I told T and W about the Ganesh mask and asked if they would help me purchase it. To my great excitement they agreed. For lunch, this is not a complete list, we had, deep fried banana blossoms, eggplant and squid with chili, green curry with fish balls, chicken roasted in banana leaves, tiny deep fried fish (heaven), somtam with something. I´m missing one or two dishes. For dessert there was a fruit I didn´t know (I´ve been going to BKK for 30 years plus and still find fruits I have never eaten) durian and sticky rice with coconut milk and bananas fried in pastry.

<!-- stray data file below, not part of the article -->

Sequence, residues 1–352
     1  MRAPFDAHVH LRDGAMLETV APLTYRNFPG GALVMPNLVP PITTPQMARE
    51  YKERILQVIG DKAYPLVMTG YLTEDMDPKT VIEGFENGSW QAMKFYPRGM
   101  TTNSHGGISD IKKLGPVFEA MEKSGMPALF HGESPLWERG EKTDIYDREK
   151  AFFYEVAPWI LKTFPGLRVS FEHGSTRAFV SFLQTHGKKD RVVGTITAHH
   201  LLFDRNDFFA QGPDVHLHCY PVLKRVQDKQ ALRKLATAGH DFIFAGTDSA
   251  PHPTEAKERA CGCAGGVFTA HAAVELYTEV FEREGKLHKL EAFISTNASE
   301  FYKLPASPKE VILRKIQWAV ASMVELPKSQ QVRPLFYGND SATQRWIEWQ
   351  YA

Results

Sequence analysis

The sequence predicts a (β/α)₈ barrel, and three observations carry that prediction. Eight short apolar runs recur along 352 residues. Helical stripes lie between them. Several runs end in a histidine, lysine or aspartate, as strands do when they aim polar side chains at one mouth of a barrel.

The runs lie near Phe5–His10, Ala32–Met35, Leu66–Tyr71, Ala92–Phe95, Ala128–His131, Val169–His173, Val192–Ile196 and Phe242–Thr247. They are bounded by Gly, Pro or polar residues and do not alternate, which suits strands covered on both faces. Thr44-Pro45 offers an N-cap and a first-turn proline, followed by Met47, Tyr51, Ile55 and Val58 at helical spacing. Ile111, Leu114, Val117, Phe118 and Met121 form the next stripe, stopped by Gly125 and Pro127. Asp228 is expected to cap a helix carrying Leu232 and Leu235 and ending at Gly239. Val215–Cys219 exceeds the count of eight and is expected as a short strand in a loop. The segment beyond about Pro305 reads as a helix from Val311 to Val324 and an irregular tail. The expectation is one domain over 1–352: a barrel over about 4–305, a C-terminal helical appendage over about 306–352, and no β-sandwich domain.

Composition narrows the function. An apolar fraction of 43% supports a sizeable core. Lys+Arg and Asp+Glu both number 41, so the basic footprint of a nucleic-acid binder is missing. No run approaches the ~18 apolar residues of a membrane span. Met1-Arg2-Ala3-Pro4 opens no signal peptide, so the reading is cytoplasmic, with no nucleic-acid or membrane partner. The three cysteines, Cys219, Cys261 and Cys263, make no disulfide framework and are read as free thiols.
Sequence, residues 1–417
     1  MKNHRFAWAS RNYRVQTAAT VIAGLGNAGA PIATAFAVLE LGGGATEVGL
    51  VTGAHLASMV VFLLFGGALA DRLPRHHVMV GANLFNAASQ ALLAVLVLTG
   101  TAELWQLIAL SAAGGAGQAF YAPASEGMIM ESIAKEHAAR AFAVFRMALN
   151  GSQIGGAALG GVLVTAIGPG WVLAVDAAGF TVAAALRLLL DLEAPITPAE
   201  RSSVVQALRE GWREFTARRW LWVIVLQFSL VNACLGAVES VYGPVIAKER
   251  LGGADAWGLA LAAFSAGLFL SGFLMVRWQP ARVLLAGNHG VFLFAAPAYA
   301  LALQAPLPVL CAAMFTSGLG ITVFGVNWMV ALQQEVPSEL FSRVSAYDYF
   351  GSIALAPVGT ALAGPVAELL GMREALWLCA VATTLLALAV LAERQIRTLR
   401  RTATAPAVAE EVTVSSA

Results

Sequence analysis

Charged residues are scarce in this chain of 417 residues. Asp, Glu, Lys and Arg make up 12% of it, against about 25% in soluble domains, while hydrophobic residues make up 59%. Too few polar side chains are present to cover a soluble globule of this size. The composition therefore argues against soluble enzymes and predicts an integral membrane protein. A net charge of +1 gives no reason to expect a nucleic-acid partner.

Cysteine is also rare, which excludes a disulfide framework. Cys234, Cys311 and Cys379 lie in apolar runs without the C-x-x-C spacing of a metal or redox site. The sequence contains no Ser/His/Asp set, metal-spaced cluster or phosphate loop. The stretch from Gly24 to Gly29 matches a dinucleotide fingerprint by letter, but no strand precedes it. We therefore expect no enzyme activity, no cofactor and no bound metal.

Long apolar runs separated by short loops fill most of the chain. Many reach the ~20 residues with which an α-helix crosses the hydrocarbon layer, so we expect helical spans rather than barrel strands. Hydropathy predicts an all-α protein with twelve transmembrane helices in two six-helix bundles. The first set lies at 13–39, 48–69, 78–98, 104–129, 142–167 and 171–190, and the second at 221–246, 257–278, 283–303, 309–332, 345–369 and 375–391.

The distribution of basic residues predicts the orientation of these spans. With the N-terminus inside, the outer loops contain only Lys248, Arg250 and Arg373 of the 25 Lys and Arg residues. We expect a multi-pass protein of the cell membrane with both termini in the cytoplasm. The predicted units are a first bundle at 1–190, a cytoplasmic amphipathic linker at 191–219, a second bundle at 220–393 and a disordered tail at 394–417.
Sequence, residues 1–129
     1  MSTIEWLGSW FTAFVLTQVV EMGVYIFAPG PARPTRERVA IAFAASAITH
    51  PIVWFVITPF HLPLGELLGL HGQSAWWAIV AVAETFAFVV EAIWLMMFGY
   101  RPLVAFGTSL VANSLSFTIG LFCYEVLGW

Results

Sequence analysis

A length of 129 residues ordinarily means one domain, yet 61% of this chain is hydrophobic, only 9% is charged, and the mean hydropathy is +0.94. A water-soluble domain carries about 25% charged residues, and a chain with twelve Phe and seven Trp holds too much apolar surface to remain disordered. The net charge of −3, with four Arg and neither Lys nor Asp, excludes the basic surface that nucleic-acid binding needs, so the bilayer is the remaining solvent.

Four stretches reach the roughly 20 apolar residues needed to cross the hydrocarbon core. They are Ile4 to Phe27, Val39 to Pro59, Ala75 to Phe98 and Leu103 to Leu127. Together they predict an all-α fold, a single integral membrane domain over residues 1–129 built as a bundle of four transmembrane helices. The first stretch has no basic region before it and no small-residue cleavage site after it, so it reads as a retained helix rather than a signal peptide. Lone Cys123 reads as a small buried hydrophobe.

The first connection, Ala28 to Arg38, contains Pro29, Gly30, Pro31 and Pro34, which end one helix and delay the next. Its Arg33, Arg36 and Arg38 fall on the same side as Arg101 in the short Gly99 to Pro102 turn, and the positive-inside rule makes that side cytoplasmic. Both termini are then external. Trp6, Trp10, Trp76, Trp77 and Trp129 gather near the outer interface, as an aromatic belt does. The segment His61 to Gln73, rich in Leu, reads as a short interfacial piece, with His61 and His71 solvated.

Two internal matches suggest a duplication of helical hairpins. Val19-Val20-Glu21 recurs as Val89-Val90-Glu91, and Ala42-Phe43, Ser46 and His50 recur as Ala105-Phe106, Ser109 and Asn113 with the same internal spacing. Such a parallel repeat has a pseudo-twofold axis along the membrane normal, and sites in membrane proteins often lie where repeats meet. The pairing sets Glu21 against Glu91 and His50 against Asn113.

We drove to the Paragon, which was angelic act one on their part since, particularly in the rain, the traffic was glutinous, then up to the 4th floor, angelic act two since with the rain the Paragon was crammed. As soon as W saw the Ganesh in the widow his face lit up and I knew I hadn´t been wrong about the quality of the mask. The owner was there without his son and being accompanied by T and W made for a different experience. Before the starting price had been 50,000 Baht. Now the price was 40,000. W and the owner talked about how expensive it is to have a shop in the Paragon, how they would like to turn it into a restaurant as their son is a chef, about how much it would cost to rent a kitchen. While this went on, Thai words swooping around me in their tones, I tried to look intelligent, walked around, occasionally suggesting a lower price. The store is a sort of attic, an eclectic collection of some good things—pieces from old temples, Lladro figurines, some very fine Thai china, and bits of total junk. We finally agreed on 38,000, which was spectacular since I had been hoping for 45,000. The wrapping up process was ceremonial and took a long time but it was important that it be done right.